Come on Home by Ms. Saliers juxtaposes an attractive musical setting with decidedly downcast lyrics. <<>>

Following that is another breakup song, Amy Ray's Dairy Queen, and in its pleasing roots-rock setting, the lyrics try to take an optimistic view of the dissolution of the relationship. <<>>

For me one of the highlights All That We Let In is Emily Saliers' song Something Real. Lyrically, it's again about relationships, in this case trying to rekindle an old one, while musically the song shows a level of sophistication not usually associated with folkies. <<>>

Ms. Ray's standout work on the CD is Tether, one of the rocker tracks, that puts the electric energy level to good use. For the first time on one of their albums, both Ms. Ray and Ms. Saliers do dual lead electric guitars. Joan Osborne makes a guest appearance doing backing vocals. Lyrically the piece carries on a stream going back to the 1960s, in which the state of the world is never far from one's consideration. In the end, the song takes an optimistic outlook. <<>>

In more than 20 years together, Amy Ray and Emily Saliers, together known as Indigo Girls have kept the traditions of folk-rock going, from their social activism, which sometimes but not always finds its way into their songs, to the almost sister-like vocal harmonies, to their tasteful and timeless musical backing which could have come from anywhere in the past 30 years. As usual, they come up with a batch of worthwhile and memorable songs, and on All That We Let In, the music that is particularly appealing and melodic. They manage to do everything right, and still come up with enough new ideas that they continue to advance their art. I can really think of nothing to beef about musically on the album. Every song is worthwhile -- there's nothing I would consider filler.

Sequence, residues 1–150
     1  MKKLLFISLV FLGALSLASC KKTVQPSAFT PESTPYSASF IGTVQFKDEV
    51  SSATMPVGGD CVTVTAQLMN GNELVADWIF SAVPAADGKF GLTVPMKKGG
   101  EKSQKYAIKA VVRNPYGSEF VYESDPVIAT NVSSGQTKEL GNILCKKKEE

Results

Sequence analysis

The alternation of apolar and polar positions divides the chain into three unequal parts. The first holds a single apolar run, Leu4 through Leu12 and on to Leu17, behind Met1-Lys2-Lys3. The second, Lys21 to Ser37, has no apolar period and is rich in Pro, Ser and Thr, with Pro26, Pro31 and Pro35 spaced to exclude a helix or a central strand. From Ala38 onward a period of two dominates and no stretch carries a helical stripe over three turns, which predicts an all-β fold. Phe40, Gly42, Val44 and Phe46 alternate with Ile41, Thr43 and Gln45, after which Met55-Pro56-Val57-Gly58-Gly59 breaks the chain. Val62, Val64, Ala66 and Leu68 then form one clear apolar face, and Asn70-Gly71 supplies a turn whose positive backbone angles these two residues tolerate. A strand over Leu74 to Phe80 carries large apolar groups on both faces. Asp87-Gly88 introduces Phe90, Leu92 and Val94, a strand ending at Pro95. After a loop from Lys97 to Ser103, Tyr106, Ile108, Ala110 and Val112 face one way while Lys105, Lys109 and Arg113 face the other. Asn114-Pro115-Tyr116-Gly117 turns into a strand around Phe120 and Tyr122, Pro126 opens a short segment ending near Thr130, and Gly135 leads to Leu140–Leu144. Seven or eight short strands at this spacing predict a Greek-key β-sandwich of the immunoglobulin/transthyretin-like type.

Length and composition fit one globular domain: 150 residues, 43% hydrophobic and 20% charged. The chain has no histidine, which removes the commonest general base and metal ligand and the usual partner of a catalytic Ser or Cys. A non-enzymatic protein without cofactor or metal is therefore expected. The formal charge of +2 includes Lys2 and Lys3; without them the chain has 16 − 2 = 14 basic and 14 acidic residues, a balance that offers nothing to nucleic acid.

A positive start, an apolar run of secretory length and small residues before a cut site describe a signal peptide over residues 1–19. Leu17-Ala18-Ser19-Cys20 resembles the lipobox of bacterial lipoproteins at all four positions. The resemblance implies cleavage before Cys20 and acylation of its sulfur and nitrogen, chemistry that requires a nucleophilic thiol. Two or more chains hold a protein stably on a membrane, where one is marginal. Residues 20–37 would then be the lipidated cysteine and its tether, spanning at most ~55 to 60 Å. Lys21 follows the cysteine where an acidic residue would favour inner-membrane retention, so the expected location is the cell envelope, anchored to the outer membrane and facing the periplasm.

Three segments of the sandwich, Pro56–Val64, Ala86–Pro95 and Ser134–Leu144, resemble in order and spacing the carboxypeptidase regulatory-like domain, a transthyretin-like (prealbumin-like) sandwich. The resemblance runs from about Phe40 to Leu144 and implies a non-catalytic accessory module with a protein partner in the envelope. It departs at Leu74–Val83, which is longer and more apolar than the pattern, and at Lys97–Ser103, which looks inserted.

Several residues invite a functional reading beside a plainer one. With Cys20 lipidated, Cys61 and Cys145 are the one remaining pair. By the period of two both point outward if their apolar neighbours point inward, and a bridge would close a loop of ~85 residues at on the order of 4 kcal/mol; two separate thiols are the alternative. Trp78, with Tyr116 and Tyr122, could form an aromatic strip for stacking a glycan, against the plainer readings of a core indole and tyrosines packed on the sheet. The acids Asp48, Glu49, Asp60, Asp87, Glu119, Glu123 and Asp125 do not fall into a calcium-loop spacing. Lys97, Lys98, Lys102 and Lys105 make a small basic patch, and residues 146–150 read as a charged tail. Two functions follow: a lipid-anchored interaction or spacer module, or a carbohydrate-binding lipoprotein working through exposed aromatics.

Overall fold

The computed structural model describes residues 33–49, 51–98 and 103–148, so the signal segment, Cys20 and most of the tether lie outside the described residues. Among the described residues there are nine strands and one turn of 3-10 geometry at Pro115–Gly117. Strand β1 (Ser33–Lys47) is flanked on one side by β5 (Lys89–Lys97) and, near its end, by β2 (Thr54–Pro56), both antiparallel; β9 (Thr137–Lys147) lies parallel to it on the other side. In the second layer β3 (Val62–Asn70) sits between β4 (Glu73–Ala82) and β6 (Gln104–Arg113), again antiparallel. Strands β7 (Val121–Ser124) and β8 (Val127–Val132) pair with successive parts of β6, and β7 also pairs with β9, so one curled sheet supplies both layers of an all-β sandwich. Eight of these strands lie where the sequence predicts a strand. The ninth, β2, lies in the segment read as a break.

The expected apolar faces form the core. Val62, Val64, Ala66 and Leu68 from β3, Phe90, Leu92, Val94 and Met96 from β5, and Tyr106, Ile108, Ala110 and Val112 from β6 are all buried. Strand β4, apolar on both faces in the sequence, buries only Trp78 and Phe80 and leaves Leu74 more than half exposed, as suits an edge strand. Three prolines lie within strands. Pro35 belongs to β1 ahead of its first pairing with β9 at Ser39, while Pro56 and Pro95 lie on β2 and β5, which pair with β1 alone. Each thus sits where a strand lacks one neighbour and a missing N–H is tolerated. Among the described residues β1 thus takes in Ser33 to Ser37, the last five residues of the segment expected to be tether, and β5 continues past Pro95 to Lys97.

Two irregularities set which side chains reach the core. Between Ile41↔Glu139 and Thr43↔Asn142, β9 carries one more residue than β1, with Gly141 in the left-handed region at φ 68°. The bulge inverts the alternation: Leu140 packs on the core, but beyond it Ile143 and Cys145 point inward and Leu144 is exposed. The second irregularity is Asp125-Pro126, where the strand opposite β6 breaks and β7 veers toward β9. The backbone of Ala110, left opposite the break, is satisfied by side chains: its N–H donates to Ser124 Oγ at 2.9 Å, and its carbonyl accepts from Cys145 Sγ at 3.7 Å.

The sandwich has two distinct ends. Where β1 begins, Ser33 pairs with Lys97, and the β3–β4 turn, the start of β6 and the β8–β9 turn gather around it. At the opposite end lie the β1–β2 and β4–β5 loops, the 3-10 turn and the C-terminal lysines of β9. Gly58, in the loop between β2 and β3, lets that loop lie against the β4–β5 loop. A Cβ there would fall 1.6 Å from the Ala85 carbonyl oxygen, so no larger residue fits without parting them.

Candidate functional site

Our grade for sound quality is "B." The good mix and nice audio clarity were negated by the usual major-label style heavy audio compression which wrecked the dynamic range of the recording. This is one of those CDs that reaches the digital max on almost every beat, leaving no room for the ebb and flow of the music.

While pop stars, especially nubile young women of dubious musical talent, come and go like the flavor of the week, it's nice to know that Indigo Girls are keeping intelligent folk-derived music alive, and continue to do some of their best work, attract growing numbers of fans, and even manage to avoid being dropped by their major record label.

(c) Copyright 2003 George D. Graham. All rights reseved.